Compare Electric vs Gas Water Heater Costs
About Electric Water Heaters
Electric water heaters rely on electricity to heat the water in your home. If you don’t have a gas line running to your home or other gas appliances, an electric water heater is your only option, unless you’re willing to pay the high cost of having a gas line installed.
Electric water heaters are available in tank or tankless models. Conventional storage tank models are less expensive, but they take up a lot of space in the home. Tankless electric water heaters are compact and energy efficient, but plan on spending significantly more upfront.
Tankless electric water heaters are best suited for warmer climates. In cold climates, a tankless electric model might not be sufficient to heat water to the right temperature for showering, washing dishes and washing clothes. Storage tank electric models can be used in any type of climate.
How Much Does an Electric Water Heater Cost?
Electric water heaters with a storage tank cost $300 to $700, plus another $300 to $500 for installation. Tankless electric water heaters are more expensive, running about $800 to $1,500 for the water heater and another $800 to $1,200 for installation.
Electric water heaters are less expensive upfront than gas water heaters, but they cost more to operate in most areas of the country because electricity tends to be more expensive than natural gas or propane. In many cases, the cost to operate an electric water heater is two or three times that of a gas water heater.
Installing an Electric Water Heater
Installing any kind of water heater can be complex. If you’re not sure how to do it, hire a professional. If you are going to tackle the job yourself, follow the manufacturer’s installation instructions. Make sure the electricity is off before you start.
Keep in mind that tankless models are more difficult to install than storage tank versions, particularly when switching from a tank model to tankless.
Electric Water Heater Pros
- Less expensive - Electric water heaters are less expensive than gas heaters of the same size.
- Easier to install - Electric water heaters are simpler install than gas water heaters (but again, the process is not easy if you don’t know what you’re doing). Electric water heaters can be installed in tight spaces because they don’t require ventilation.
- Safer - With gas heaters, there’s always the risk of a gas leak or explosion. It happens very rarely, but it’s not a concern at all with electric models.
- Longer life expectancy - Electric water heaters have fewer parts, so they tend to last longer than gas heaters.
Electric Water Heater Cons
- Higher energy costs - In almost every region of the country, it is cheaper to heat your home’s water with natural gas or propane.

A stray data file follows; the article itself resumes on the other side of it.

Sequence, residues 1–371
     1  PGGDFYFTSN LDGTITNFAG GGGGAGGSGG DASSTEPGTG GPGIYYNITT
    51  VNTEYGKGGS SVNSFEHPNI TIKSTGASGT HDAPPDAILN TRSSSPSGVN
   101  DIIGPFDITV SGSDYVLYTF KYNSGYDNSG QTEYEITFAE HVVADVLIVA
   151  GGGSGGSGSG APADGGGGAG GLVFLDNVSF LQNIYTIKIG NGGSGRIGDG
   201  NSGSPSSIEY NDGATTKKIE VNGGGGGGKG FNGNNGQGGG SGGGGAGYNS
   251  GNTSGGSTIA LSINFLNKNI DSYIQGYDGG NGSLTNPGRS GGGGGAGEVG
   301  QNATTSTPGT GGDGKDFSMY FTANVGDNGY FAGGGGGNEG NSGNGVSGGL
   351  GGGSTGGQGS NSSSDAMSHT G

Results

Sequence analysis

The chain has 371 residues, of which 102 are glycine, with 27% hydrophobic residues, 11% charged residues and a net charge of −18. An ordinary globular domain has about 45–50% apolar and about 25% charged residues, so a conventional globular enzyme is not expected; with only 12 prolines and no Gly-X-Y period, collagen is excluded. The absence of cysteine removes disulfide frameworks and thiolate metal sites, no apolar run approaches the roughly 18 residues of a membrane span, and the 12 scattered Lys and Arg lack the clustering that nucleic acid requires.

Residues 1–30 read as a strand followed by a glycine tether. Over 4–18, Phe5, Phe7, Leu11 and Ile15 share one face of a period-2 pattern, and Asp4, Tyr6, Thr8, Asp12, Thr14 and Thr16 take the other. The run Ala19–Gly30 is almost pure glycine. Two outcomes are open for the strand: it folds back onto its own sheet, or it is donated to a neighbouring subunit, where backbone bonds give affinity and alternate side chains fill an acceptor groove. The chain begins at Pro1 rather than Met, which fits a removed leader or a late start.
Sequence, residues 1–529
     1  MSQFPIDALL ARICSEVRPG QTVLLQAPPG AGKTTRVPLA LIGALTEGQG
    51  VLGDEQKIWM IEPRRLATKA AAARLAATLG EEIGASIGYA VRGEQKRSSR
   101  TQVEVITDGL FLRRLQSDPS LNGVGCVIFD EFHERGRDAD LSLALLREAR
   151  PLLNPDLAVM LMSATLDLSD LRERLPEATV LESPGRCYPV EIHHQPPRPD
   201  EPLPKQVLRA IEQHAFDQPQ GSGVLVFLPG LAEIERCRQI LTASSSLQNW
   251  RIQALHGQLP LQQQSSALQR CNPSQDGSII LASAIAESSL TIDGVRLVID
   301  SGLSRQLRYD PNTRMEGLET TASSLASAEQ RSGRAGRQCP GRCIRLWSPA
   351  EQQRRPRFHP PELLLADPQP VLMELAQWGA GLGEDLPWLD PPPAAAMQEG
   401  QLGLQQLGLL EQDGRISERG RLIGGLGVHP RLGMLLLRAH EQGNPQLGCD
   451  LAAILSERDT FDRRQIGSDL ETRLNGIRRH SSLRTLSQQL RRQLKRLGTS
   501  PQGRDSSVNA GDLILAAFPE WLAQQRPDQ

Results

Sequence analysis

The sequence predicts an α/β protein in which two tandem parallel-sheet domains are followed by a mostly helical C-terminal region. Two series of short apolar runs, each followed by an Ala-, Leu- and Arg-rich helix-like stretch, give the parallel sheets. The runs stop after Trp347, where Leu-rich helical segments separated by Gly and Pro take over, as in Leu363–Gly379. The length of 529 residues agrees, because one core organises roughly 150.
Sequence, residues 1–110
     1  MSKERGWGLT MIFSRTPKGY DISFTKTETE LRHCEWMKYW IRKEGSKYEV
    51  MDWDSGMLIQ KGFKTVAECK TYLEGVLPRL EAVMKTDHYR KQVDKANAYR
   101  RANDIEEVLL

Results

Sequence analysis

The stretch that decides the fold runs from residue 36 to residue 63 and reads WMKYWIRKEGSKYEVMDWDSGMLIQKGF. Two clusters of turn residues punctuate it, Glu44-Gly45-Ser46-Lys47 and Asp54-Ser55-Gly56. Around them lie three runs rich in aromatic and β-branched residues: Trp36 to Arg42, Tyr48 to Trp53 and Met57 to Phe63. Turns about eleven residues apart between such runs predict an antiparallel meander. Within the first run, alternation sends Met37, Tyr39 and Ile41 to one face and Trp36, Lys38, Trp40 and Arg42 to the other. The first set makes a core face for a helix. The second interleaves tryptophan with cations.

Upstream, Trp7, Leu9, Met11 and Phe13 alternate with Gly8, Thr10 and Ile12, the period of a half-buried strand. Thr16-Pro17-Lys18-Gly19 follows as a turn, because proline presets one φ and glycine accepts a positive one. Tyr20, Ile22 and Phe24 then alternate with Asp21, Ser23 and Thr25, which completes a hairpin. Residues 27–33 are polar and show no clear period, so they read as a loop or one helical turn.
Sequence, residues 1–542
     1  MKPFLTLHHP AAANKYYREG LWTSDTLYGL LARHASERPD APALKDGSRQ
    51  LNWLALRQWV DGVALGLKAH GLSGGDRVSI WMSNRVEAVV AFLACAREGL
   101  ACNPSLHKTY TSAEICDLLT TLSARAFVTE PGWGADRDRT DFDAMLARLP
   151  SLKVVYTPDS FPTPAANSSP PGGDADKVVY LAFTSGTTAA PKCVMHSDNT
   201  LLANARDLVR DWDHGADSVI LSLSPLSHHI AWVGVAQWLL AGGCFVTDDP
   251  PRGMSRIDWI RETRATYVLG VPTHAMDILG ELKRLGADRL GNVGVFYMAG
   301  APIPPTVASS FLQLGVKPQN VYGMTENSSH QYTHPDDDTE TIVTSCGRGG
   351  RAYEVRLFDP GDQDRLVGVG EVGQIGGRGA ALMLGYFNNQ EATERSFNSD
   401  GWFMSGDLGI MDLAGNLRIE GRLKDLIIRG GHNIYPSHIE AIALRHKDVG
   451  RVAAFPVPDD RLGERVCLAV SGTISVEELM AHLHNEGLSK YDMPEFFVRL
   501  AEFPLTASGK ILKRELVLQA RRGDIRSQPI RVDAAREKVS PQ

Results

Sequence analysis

- Slow to heat - Electric water heaters take significantly longer to heat the water in your tank. Most gas models can heat an entire tank full of water to 90 degrees in an hour’s time. Electric models can only heat about 25 gallons per hour to 90 degrees.
About Gas Water Heaters
Gas water heaters use natural gas or propane to heat the water in your home. In order to install a gas water heater, you’ll need a gas line running to your home. Most people who have a gas line choose to install a gas water heater because it costs less to operate. But if you don’t have a gas line, installing a gas water heater will be a pricey endeavor.
As with electric water heaters, you can opt for a conventional storage tank gas water heater or a tankless model.
How Much Does a Gas Water Heater Cost?
Gas water heaters are more expensive upfront than electric water heaters. Gas storage tank models usually cost anywhere from $400 to $1,000, plus another $500 to $700 for installation. Gas tankless models cost $800 to $2,000, plus another $1,000 to $1,500 for installation. If you don’t have a gas line or your current gas line needs to be extended to the water heater, tack on thousands to the total price.
Replacing a gas-powered storage tank water heater with a tankless model saves the average family $70 to $120 per year in energy costs. However, due to the much higher cost of the water heater and installation, it could take 20 years to recoup your investment. In some cases, the water heater won’t last 20 years.
Installing a Gas Water Heater
The primary difference between installing a gas water heater and an electric water heater is that gas models require venting to direct harmful gases out of the home. Improper venting can lead to serious injuries or death, so the project should only be tackled by those with experience. Most manufacturers strongly recommend hiring a professional.
If you’re going to install the water heater yourself, check with the local building department first. Some cities and towns place restrictions on where in the home a gas water heater can be installed. When you’re finished with the job, always ask the building department to inspect your work for safety.
Gas Water Heater Pros
- Heats faster - Often, gas water heaters are about twice as fast as electric water heaters. You’ll be far less likely to run out of hot water.
- Lower energy bills - Electric water heaters are actually more efficient, but because electricity is more expensive than natural gas in most areas, gas water heaters are less expensive to operate.
- May work during power outage - If your gas water heater is ignited with a pilot light, rather than an electric ignition, you will have hot water even if you lose power.
Gas Water Heater Cons
- More expensive - Gas water heaters not only cost more upfront, but they’re also more expensive to install and maintain.
- Difficult to install - Again, gas water heaters require a ventilation system. If you’re installing a gas water heater for the first time, you’ll need to install PVC pipes that vent up through the roof. If you’re replacing a gas water heater, these lines often require maintenance or repairs.